« Video of the Week: Wasps wiggle to the beat | Main | Insects as weapons of terror? »

W*H*Y Wednesday: The Forest Yellowjacket

Today's featured species, as we close out 2008, is the Forest Yellowjacket, Vespula acadica.

Acadica_Forest_YJ This species is known to have three different marking patterns. Many will resemble the Northeastern Yellowjacket with a solid black band across the upper portion of the abdomen; though the majority will have two yellow or brown spots on this black band. Most rarely observed are the specimens without the black band and more yellow coloration on the abdomen. Their stout bodies measure roughly a half-inch in length like most other yellowjacket species.

The Forest Yellowjackets' habitat is, naturally, in heavily forested areas. The highlighted portion of the map below shows where they are found in the U.S.:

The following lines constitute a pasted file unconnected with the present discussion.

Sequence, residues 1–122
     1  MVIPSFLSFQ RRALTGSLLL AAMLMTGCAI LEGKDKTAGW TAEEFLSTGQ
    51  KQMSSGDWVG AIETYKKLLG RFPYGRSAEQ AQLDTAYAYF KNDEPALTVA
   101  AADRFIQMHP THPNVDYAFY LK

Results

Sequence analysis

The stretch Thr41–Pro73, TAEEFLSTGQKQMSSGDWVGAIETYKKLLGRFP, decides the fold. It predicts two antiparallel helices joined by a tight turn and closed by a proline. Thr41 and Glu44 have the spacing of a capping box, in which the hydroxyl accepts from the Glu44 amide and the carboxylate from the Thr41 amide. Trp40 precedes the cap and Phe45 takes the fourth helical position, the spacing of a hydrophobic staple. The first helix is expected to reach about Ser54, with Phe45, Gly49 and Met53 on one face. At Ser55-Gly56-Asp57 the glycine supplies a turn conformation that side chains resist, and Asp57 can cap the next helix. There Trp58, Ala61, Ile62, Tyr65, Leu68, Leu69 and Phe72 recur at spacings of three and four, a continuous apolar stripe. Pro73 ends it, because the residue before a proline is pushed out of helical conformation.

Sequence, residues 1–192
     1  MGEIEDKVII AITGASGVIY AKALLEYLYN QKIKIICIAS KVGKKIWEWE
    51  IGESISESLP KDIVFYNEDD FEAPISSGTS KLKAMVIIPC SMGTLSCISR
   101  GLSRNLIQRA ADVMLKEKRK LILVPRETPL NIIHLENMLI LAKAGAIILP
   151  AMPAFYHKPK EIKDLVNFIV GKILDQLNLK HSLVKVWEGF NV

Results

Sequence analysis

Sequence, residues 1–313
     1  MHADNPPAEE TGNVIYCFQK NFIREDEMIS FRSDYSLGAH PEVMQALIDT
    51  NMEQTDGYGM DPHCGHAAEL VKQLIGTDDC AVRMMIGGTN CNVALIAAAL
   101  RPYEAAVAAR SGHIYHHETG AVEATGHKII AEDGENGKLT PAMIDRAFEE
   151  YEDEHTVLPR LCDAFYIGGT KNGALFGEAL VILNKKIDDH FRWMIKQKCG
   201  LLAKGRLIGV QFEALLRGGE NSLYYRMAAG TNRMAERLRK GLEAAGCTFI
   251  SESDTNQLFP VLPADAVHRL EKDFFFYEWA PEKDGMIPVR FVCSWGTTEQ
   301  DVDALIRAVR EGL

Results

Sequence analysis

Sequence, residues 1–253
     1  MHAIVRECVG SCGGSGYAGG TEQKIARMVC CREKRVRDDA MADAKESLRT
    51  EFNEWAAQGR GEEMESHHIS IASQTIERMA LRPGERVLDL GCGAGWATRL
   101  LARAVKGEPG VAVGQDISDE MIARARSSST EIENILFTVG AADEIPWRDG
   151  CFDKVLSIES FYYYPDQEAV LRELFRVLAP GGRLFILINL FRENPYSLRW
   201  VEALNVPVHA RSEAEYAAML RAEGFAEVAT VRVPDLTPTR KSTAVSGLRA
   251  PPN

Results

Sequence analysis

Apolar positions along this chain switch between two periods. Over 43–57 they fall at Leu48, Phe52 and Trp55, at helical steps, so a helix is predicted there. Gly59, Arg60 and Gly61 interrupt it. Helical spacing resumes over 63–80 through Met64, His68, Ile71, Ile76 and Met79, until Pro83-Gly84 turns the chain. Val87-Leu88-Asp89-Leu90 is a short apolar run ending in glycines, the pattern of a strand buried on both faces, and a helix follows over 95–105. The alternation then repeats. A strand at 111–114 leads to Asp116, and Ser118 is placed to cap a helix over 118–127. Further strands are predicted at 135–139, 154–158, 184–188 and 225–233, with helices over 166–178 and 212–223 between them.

Forest Yellowjacket colonies last for one year. They are predators of live prey only, such as flies, caterpillars, hemipterans and aphids.

Forest Yellowjackets typically build aerial nests, but subterranean nests in logs are not uncommon. This species usually has smaller colonies, with fewer than 500 workers.

Nature toward humans: Because this species is primarily found in more heavily forested areas, the Forest Yellowjacket has limited contact with humans. If the nest is disturbed, Forest Yellowjackets will sting aggressively and persistently.

WHYTR_200dpi Good news if you have this species in your back yard: the new W*H*Y Trap for Wasps, Hornets & Yellowjackets from RESCUE! will catch Forest Yellowjackets!

And even more good news: We shipped our first truckload of W*H*Y Traps yesterday, and more are on the way in coming weeks.

Thanks for following us, and Happy New Year, readers!

December 31, 2008 in Entomology, Science, WHY Trap, Yellowjackets | Permalink


TrackBack URL for this entry:

Listed below are links to weblogs that reference W*H*Y Wednesday: The Forest Yellowjacket:


The comments to this entry are closed.